Mock oil spill's goal is to find response problems
What if . . . Thursday morning began serene and sunny, with a brisk breeze blowing in from the east on a typical spring day. Vessels traversed Vineyard Haven Harbor, and visitors arrived for the start of a pleasant weekend.
At approximately 9:30 am, the peace was disrupted when a tug towing the Meropa, a barge full of number two fuel oil, swerved quickly to avoid a speeding motor yacht. The cumbersome barge swung hard onto the Vineyard Haven Harbor breakwater splitting its hull. The entire cargo of oil immediately began to spill into the harbor.
This accident scenario was a drill played out Thursday morning on paper by an off-Island consultant and the Department of Environmental Protection (DEP).
(Left to right) John Lane, Ralph Packer, Andy Farrissey, Norman Wahl, Richard Packard, Bruce Ingham, George Wilson and Aaron Frost discuss strategy during a mock oil spill drill last Thursday. Photo by Ralph Stewart
On Thursday, Ralph M. Packer Jr. - owner of the R.M. Packer Company, a wholesaler of petroleum products as well as an operator of tugs and barges - and other local and state officials gathered at the Tisbury Wharf Company as if there were a legitimate spill; calls went out to federal officials, equipment was checked for malfunctions, and the Steamship Authority (SSA) was notified and ordered to stop running passenger ferries.
"We're not testing individuals, we're testing the plan," said Robert Hazelton, a marine safety and security consultant with RHH Associates. He stressed that these drills are executed in order to identify breakdowns in communication, and future concerns.
If such a disaster were to occur, local companies, state and federal agencies, and Island residents have a comprehensive plan in place to deal with it.
The Island is equipped with a Spill Management Team, required by law following the 1989 Exxon Valdez oil spill in Alaska.
Mr. Packer is designated by state officials as the team's qualified individual. His job is to bring together all needed forces in case of a spill. All captains sailing into Vineyard Haven Harbor are supplied with Mr. Packer's contact information, and in case of an emergency spill of any magnitude, he is the first call. Mr. Packer then pulls together the team of local and off-Island officials to address the situation.
One glitch identified by the team on Thursday was the absence of the Environmental Police on the calling list.
Mr. Hazelton said if birds or other wildlife came into contact with the spilled fuel, humans would likely try to help. Wading into contaminated waters and becoming saturated in spilled oil is potentially dangerous for both the humans and animals, and a trained professional is needed to handle such a delicate situation.
"Human health and safety is the number one priority," Mr. Hazelton said. "People are more important than animals, according to the protocol."
Other problems addressed during the drill were the lack of response and cleanup equipment already on the Island, places to house the many officials who would travel here to help, and how those officials would get to the Island if the SSA were prevented from operating.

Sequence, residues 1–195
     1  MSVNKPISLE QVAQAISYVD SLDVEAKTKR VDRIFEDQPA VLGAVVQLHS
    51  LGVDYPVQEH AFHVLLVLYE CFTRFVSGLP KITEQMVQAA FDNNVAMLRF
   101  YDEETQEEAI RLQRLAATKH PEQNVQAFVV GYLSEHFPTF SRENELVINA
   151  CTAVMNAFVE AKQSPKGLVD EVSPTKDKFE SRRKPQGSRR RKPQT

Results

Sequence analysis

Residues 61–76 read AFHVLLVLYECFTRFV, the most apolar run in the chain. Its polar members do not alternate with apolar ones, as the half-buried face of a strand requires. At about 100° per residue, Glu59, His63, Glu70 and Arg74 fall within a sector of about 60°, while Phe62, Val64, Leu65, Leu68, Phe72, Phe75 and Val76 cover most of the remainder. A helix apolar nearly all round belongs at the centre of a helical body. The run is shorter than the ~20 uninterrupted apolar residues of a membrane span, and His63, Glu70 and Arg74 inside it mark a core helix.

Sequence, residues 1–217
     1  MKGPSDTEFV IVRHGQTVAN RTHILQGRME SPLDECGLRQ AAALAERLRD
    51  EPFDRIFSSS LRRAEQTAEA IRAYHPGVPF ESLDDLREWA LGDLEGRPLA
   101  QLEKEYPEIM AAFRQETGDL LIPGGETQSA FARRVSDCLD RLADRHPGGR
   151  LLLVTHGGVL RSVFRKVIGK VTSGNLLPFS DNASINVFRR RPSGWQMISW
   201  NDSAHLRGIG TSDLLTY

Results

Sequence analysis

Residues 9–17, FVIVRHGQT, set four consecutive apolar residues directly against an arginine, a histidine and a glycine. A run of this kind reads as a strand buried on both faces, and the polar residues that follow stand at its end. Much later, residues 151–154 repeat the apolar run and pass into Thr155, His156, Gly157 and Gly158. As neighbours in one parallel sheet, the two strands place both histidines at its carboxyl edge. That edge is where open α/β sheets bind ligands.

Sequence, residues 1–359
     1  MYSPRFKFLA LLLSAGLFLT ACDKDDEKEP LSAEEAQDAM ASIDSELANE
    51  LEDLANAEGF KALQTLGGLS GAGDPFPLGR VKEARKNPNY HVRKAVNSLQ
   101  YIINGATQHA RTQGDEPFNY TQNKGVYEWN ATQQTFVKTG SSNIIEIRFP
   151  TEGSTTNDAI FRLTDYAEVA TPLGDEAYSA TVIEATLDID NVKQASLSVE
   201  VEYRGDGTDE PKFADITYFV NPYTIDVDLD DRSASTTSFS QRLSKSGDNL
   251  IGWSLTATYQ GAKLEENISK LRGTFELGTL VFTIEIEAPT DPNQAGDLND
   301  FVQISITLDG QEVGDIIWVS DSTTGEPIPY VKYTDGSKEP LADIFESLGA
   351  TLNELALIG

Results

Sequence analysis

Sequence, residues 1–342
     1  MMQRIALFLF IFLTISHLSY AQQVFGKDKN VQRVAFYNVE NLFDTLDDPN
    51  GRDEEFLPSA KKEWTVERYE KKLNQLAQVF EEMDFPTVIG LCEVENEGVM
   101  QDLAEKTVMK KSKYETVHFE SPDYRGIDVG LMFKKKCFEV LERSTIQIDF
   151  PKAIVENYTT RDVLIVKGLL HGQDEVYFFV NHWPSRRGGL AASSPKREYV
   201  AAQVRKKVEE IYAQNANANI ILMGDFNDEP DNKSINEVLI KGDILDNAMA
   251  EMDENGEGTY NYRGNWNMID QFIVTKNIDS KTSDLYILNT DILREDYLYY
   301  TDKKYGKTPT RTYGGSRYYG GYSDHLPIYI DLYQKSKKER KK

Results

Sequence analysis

The team met at the end of the day to discuss the encouraging and discouraging results of the drill, and what could be improved in the future.
Mr. Hazelton said the law mandates the team address the worst-case scenario, which in this instance was a full loss of cargo, with 200,000 gallons (the full capacity of a tank barge) spilling into the harbor during adverse whether conditions. Officials said this situation is highly unlikely, noting the Exxon Valdez lost only 11 percent of its cargo.
Nonetheless, the team was forced to address immediate environmental and logistic issues associated with the scheduled scenario.
"The important part of these drills is preparedness, and making sure everything is in place," said Richard Packard, chief of emergency response from the DEP.
Mr. Hazelton said he purposefully scheduled the wind to come from the east, so the Oak Bluffs SSA port would also have to close, causing a further dilemma of incoming personnel and equipment. He added that the Island presents unique problems as far as transportation and available space are concerned, issues that don't exist on the mainland.
What if Mr. Packer were vacationing off the Island? Who would take his place? What if necessary containment equipment could not make it to the Island for a couple of hours, and the oil began to seep onto the shore? What if a child, unaware of the danger, waded into the contaminated waters? These, and other questions, were raised for the team to address and discuss.
To date, there have been no large oil spills in the waters surrounding the Island, officials said.
"It's partly lucky and partly careful," Mr. Packard said.
Rick Reinhardson, director of Tisbury Towing, the company that operates Packer tugs and barges, said he oversees approximately five incoming barges a week, two of which specifically carry oil. He said this number is somewhat consistent throughout the year.
The heaviest oil brought onto the Island is number two, classified as home heating oil. This type of fuel is lighter and easier to clean than thicker fuels, but still a hazard if spilled into harbor waters. Mr. Reinhardson said the SSA ferries also carry significant amounts of fuel.
With officials from the US Coast Guard, National Response Corp., and the Clean Harbors Environmental Services buzzing about on Thursday, and laptops and Nextel phones vibrating to life, it appeared as real as if the emergency were authentic.
"Remember," Mr. Packer joked. "This is just a drill. But we're prepared."